Gaming for the Rest of Us: First look: Civilization VI

After about 50 hours of game play so far, I am ready to declare Civilization VI the most Civilization-like entry in the storied franchise, which means some of you will love it more than all the rest and some of you will hate it more than any of the others.

What do I mean?

Civilization VI embraces the one thing all the rest of the games in the series have wanted to be with gusto: being a grand strategy game. Let’s face it, in the end the first five games often degenerated into little more than turn-based combat games with heavy emphasis on tech research and building. Civilization VI retains those traits while also introducing a whole new level of planning that requires the player to be thinking about how to win the game starting with the first turn.

The way the game does so is by clever use of the victory conditions and city districts. The victory conditions are no longer simply matters of who accumulates the most points and can be contended from the start of the game.

More importantly, the game breaks the city out of a single tile, forcing the player to consider how to expand each city by placing districts on tiles the city controls. this fact forces the player to specialize cities from the beginning of the game.

While these elements add a whole new level of play to Civilization VI, the game is hardly perfect. The religious system is vague and brutish and makes the religious victory less enjoyable than it could be. The game is missing diplomatic and economic victories that would help balance the game play. As has been true with every version of Civilization, the diplomatic system is inscrutable and annoying. That said, keep in mind this is the vanilla version of the game, and previous versions of the game have benefited from their later expansions.

All in all, I really like what Firaxis and crew have done with Civilization VI. It’s a good game with the potential to be great, and I will stick with it to see what the future holds for it.

First look rating: 4/5

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Writing: My NaNoWriMo 2016 review

Or, so you wrote 50,000 words. Now what?

I am being honest when I say how easy NaNoWriMo was for me this year. Of course, saying it was easy is a relative claim, but the fact is that this latest 50,000 words came out with less struggle than I have ever experienced writing anything long or short. I suppose that means I have somehow matured as a writer, but the reality of that notion remains to be seen.

The reason I think that is because the endeavor this latest story represents only begins with the effort of NaNoWriMo. It turns out that, as a writer, I am far more like a painter adding layers to a painting than I am a sculptor carving away stone or clay. What this means is that the story I have now still needs a lot of work to be the kind of story you’d expect to see in a book.

What does that mean? Well, first, I’m going to let it just sit for a bit. That may mean several days or several weeks, but after having expended so much effort, I find that it is good to just let the story age some before I do anything else with it.

Second, I have to compile the writing I’ve done into a readable format. It turns out that I wrote the entire story as notes in Evernote. This is basically that modern equivalent of writing a story on note cards, and it gives me the advantage of being able to easily reorder scenes as I go through my first rewrite process.

Third, I will do my first edit/rewrite. I know a lot of authors like to print out and mark up copies of their rough draft, but as I’ve noted, I tend to write like a painter rather than a sculptor, so my rough draft tends to be a lot more like a very long outline than a true story. Once I’ve completed that rewrite, I will print the story out, read it through, then mark it up.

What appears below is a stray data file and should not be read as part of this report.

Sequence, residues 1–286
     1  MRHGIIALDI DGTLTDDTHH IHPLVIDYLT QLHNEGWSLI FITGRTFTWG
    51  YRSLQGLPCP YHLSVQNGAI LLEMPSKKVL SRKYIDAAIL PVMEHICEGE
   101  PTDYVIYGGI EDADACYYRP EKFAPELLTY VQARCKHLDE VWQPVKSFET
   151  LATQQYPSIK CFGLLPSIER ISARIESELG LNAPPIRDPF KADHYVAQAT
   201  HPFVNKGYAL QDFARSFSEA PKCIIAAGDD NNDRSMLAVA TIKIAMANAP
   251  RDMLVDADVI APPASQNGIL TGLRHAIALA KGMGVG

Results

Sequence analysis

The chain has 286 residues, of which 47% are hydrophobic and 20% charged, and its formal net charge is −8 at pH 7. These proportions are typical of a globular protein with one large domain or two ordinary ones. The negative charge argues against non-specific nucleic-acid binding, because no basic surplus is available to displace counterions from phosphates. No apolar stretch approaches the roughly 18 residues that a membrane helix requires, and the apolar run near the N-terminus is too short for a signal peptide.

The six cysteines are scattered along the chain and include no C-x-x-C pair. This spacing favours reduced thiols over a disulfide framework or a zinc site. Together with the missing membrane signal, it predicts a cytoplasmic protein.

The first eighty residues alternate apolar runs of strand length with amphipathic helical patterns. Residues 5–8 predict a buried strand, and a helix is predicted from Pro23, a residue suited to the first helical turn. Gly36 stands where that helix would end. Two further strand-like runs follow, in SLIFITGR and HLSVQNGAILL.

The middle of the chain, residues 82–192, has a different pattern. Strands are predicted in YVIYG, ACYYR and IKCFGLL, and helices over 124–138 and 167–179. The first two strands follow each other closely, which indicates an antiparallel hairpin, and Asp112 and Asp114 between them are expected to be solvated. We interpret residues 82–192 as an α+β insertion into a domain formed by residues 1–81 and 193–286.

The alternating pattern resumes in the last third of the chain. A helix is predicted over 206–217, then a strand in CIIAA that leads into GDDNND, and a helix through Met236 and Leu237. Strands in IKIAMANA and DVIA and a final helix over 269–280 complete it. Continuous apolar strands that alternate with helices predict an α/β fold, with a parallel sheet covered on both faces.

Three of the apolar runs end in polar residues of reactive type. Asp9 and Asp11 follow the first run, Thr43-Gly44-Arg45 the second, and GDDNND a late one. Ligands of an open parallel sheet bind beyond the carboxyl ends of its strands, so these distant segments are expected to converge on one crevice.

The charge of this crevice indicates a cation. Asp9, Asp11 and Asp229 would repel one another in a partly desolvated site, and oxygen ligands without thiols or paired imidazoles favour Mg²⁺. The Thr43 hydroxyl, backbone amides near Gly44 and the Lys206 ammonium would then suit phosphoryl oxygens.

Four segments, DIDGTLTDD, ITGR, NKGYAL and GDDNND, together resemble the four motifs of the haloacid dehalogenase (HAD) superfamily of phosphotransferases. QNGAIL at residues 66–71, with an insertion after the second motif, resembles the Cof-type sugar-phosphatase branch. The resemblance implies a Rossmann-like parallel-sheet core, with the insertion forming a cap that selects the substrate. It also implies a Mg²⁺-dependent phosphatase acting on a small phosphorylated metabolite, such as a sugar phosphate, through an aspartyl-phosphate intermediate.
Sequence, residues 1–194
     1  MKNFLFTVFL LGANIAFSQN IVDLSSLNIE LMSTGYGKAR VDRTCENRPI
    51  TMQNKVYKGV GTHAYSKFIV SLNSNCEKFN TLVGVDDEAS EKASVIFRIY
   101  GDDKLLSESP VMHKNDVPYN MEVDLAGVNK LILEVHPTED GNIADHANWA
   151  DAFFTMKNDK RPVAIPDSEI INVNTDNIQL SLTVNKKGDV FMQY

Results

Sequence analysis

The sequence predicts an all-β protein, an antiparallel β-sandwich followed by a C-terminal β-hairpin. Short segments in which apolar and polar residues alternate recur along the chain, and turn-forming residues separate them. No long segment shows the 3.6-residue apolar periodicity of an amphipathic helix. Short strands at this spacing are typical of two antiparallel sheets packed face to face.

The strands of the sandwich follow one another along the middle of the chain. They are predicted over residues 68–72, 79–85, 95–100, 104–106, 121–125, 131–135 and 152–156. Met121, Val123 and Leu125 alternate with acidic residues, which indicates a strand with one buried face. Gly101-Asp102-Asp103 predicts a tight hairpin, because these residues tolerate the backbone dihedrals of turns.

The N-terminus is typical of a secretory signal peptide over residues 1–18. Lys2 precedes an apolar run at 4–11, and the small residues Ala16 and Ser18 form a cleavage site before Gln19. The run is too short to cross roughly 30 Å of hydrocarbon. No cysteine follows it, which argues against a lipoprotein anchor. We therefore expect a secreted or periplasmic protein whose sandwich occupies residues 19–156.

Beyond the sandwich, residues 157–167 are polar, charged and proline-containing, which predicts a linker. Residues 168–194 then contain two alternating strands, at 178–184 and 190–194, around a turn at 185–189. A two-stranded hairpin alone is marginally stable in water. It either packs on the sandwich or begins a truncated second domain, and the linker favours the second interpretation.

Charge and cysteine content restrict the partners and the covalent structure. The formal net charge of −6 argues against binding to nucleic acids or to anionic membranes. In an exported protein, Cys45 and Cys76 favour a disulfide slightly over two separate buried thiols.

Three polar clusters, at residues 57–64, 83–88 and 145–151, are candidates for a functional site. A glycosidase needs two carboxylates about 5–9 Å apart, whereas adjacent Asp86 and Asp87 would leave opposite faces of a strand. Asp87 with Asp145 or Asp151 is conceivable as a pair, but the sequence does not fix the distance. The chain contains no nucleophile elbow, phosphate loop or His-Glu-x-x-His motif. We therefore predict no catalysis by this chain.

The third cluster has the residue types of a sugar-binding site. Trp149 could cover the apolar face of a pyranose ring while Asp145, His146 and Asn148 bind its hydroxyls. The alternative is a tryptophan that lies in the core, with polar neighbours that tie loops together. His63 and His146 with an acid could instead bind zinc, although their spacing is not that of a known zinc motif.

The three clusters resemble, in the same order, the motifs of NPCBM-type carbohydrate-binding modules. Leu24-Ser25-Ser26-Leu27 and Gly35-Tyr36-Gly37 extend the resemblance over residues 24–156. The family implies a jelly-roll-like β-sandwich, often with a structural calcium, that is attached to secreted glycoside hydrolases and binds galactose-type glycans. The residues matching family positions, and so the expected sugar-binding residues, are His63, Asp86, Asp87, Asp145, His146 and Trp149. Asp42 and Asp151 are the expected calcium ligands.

Fourth, I will take that marked draft and type the whole story back into a new document. Yes, that means I will write the entire story again, using my draft as the source. I know a lot of people wonder why I would expend that much effort, but what I have discovered is that typing the story again forces me to revisit and rethink every single word. It is the best editing tool I have ever encountered for the way I write. Depending on the story–this happens often with short fiction I write–I could end up repeating this process more than once.

Along the way, I may show my efforts to several people or groups of people to get comments on what they think about the story as it progresses. I find that it is good to get those views along the way because other people tend to notice the plot holes I’m ignoring or other issues the story might have for a reader.

Finally, once I’ve edited and rewritten, and tweaked enough, I will take the plunge to try to get the story published. I’ve never reached this step with any long fiction I’ve ever written, and that’s saying something given that I have at least four stories somewhere along the process I describe above.

So, there is a brief outline of what happens after NaNoWriMo. Hopefully, this year’s success will prove as easy to see all the way through as it was to write for the first time.

DLH

Read more at my Writing weblog...

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The least significant digit of democracy

Come November 8th, if all you’ve done is vote, you’ve done the least significant thing in democracy.

It turns out that democracy is a contact sport. Voting for someone to represent you, especially in the American system of voting, constitutes little more than an affirmation of choices a long list of other people made for you.

Let’s start with the process of voting itself. It is governed by a whole host of laws and regulations you likely had nothing to do with. Someone else determined where you vote, how you vote, and if your vote counts.

And then there’s the matter of what you’re voting for. By the time you punch that chad or push that touch screen, someone else determined who would run, whose runs would get funded, who became the front-runners, and if you didn’t vote in the primary, who is on the ballot.